BBC Home
Explore the BBC
BBC News
Launch consoleBBC NEWS CHANNEL
Last Updated: Friday, 10 August 2007, 17:48 GMT 18:48 UK
S Korea in Taleban hostage talks
The coffin of the leader of the group, Pastor Bae Hyung-kyu, arrives in Seoul (file picture)
Two men who were part of the group of hostages have already been killed
South Korean officials have begun their first face-to-face talks with Taleban militants on the fate of 21 Christian hostages, Afghan officials say.

The talks were being held in the city of Ghazni, a senior official in the province told the BBC.

The official said he was optimistic about the outcome of the talks.

Two of the South Korean hostages have been killed, and the Taleban say they will kill more of them if a number of militants are not released from prison.

Earlier the Taleban said the Afghan government had provided a written promise of safe passage to two of their top leaders, so that they could attend the talks.

"At 6:15 pm today the face-to-face talks between the South Korea delegation and a two-member Taleban team started in the city of Ghazni," Taleban spokesman Yousuf Ahmadi told the AFP news agency.

Another Taleban official earlier said there would be "no problem" for the hostages as long as the talks continued.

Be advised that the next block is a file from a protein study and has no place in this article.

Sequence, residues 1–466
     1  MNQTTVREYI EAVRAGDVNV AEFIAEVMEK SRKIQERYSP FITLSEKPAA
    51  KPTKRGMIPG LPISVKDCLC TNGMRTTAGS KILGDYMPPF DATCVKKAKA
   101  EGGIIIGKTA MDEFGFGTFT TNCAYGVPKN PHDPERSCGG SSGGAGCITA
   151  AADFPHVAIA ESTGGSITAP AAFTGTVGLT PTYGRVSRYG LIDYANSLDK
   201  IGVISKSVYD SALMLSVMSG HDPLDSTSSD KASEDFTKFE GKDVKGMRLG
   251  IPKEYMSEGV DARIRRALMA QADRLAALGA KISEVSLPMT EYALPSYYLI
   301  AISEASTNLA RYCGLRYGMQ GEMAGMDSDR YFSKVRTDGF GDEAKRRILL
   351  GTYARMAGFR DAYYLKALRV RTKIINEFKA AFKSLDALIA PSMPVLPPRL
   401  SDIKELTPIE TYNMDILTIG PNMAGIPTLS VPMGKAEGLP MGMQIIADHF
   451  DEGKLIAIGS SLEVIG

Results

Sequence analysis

19 July: 23 South Korean Christian aid workers seized on bus in Ghazni province
26 July: Body of hostage Pastor Bae Hyung-kyu is found
31 July: Second hostage Shim Sung-min, 29, found shot dead
10 August: South Korean officials and Taleban start talks

The original group of 23 South Koreans - most of them women - were seized on 19 July as they travelled by bus on the main road from Kabul to Kandahar.

Two men in the group, including the leader, were killed by their captors within the first fortnight of captivity.

The Afghan government, stung by criticism over a previous prisoner exchange, has ruled out a swap to secure the release of the Koreans.

Officials say military force could be used to free the group if the talks fail.

The South Korean government has repeatedly said it is opposed to direct military action.

It is thought the South Korean aid workers are being held in a number of small groups in a village about 10km (six miles) from Ghazni city centre.

Relatives of the hostages pray for their safe return

Has China's housing bubble burst?
How the world's oldest clove tree defied an empire
Why Royal Ballet principal Sergei Polunin quit


Americas Africa Europe Middle East South Asia Asia Pacific